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Math Help - Calculating flux without using divergence theorem

  1. #1
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    Calculating flux without using divergence theorem

    Ok i have done majority of the working for this, but get a bit stuck on a conventional basis. Though i may of gone wrong.
    Evaluate the flux \iint_{s} \vec{F}.d\vec{S}
    of the vector field
    \vec{F} = r\vec{r}.
    Where \vec{r}
    is the radius vector and r is its modulus, through the surface of a sphere of radius R.
    My attempt:
    \iint_{s}\vec{F}.d\vec{S} = \iint r\vec{r}.\vec{n}ds = \iint r\vec{r}.\vec{n} \frac{da}{\vec{n}.\vec{k}}
    where
    \vec{r} = x\hat{i} + y\hat{j} + z\hat{k}
    Surface must be :
    x^{2} + y^{2} + z^{2} = R^{2}

    Im not suppose to use divergence theorem for this (as it asks to prove both ways)

    Hence:
    \vec{N} = \nabla(g(x,y,z)) = 2x\hat{i} + 2y\hat{j} + 2z\hat{k}
    \vec{n} = \frac{\vec{N}}{|\vec{N}|}
    sub in sphereical polar coordinates etc:

    If you dot it with the integration above i get:
    \iint r^{2} ds = \iint r^{2} \frac{dA}{\vec{n}.\vec{k}}
    This is where i am stuck, there is no reason why i picked the k direction to be dotted with n, by doing so i get cos(\theta) but it does matter in terms of the integral, dA will have to be in terms of dr but the other can be  d\phi or d\theta both of which have different limits (2pi, 0 and pi, 0) in which case the result will change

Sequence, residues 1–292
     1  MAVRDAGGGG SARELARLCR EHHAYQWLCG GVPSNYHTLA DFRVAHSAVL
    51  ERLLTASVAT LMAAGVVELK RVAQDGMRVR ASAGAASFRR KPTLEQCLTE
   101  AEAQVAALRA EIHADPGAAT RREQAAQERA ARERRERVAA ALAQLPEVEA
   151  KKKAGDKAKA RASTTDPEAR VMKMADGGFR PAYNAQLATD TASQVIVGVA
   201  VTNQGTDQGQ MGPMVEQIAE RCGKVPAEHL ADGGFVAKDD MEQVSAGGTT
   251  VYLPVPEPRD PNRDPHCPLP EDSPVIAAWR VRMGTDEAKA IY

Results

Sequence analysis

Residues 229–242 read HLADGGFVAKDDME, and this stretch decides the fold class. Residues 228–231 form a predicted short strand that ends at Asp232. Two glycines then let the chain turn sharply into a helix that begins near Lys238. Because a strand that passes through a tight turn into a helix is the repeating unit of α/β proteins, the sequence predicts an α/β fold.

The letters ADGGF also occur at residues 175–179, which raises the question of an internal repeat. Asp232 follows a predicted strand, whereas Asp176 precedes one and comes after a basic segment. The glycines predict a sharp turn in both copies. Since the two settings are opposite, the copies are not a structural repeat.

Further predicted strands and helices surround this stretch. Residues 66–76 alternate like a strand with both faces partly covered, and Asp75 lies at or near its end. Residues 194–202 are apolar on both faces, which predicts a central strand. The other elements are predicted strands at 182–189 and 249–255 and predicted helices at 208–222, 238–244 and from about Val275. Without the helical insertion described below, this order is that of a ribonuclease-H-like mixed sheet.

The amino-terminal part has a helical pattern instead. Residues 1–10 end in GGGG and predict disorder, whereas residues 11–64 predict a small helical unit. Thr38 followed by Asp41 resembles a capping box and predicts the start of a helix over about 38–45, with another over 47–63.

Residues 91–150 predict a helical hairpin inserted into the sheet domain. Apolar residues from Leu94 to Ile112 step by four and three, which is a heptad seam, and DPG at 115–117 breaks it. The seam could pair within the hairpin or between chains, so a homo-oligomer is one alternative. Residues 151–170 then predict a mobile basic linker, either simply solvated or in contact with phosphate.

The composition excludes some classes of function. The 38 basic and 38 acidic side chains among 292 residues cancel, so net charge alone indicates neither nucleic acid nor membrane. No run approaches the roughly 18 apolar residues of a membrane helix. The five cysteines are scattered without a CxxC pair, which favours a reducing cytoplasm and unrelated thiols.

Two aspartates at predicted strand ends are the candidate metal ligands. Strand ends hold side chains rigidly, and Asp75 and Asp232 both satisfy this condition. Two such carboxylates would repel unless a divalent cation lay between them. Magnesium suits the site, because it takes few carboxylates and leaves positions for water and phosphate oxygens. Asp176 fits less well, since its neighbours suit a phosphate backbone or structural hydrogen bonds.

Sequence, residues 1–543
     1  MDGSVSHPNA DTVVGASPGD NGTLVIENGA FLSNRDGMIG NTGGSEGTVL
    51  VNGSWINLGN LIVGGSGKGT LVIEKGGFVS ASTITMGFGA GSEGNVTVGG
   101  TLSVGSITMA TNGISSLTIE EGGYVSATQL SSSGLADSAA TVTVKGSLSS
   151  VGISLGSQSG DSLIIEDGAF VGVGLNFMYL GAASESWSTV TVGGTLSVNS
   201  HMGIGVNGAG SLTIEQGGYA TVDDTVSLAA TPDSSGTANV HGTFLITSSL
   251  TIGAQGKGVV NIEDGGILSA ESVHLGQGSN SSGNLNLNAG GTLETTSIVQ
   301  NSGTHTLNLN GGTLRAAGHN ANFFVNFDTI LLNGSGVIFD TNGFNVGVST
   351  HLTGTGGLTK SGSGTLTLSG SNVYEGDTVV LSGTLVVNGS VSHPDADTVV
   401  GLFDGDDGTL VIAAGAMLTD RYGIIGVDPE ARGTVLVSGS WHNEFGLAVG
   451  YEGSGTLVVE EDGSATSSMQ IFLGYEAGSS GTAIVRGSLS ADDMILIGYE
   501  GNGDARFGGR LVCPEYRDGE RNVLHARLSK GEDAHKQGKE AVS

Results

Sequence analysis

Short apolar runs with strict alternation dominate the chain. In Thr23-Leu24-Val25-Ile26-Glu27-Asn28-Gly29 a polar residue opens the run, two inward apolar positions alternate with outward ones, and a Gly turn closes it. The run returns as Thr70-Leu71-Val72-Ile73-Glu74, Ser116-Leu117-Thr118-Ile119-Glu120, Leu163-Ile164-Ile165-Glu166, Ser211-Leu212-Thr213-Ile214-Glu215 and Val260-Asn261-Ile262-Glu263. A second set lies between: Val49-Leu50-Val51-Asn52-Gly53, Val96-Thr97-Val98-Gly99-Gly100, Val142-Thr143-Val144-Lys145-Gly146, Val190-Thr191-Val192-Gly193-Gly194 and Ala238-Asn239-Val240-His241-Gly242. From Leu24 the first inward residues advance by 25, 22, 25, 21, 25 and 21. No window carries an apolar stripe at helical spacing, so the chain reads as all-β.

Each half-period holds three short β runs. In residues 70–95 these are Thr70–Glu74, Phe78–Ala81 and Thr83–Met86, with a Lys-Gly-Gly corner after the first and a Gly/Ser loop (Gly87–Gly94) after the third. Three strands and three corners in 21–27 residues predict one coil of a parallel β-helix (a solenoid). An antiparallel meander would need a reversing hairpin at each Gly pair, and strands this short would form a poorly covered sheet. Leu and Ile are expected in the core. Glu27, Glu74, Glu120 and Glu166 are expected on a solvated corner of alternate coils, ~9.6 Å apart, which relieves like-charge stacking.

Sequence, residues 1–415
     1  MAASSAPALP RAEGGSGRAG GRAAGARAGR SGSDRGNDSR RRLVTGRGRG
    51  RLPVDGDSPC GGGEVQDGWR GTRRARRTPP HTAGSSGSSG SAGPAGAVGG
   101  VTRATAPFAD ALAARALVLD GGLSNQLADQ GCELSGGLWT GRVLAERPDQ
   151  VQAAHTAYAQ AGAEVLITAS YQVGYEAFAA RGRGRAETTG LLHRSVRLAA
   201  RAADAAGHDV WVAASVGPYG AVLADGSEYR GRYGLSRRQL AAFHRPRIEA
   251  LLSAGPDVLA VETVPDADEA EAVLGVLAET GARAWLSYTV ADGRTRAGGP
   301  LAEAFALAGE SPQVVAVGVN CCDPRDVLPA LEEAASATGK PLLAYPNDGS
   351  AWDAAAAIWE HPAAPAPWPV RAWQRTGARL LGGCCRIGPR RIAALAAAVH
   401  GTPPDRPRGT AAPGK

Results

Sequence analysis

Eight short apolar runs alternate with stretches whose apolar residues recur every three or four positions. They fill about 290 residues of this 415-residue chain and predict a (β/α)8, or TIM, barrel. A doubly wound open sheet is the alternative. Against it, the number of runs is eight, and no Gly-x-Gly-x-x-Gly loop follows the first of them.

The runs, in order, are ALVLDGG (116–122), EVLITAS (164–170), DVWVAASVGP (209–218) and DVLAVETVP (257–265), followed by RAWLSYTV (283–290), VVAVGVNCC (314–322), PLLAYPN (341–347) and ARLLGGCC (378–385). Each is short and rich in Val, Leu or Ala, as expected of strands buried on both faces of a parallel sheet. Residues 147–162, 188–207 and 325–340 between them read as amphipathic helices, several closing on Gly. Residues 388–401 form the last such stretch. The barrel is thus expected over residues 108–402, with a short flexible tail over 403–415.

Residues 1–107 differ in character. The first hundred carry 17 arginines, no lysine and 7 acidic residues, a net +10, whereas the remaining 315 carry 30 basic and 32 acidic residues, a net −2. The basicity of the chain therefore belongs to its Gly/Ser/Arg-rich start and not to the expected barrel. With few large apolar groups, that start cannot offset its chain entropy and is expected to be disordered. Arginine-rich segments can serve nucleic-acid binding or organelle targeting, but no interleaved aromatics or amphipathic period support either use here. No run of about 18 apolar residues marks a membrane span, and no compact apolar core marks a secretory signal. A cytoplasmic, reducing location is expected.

Any help is appreciated
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  2. #2
    MHF Contributor

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    Re: Calculating flux without using divergence theorem

    What you are doing, apparently, is projecting the surface of the sphere onto the xy-plane but once you have projected to the xy-plane, there is no longer a \phi variable. You are using polar coordinates with r from 0 to R and \theta from 0 to 2\pi. Be careful to note that the both the "top" and "bottom" hemispheres project to the same disk in the xy-plane.

    Personally, I would use the fact that the "vector differential of surface area" for a sphere of radius R is R^2(cos(\theta)sin(\phi)\vec{i}+ sin(\theta)sin(\phi)\vec{j}+ sin(\phi)cos(\phi)\vec{k})d\theta d\phi and integrate with \theta from 0 to 2\pi, \phi from 0 to \pi.
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  3. #3
    Senior Member
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    Re: Calculating flux without using divergence theorem

    Calculating the flux in this case is straightforward given that S is a sphere. We have that \vec{n}=\vec{r} and

    \iint_S\vec{F}\cdot d\vec{S }=\iint_Sr \vec{ r}\cdot \vec{n} dS = R\iint_S dS = R\cdot 4\pi R^2=4\pi R^3.
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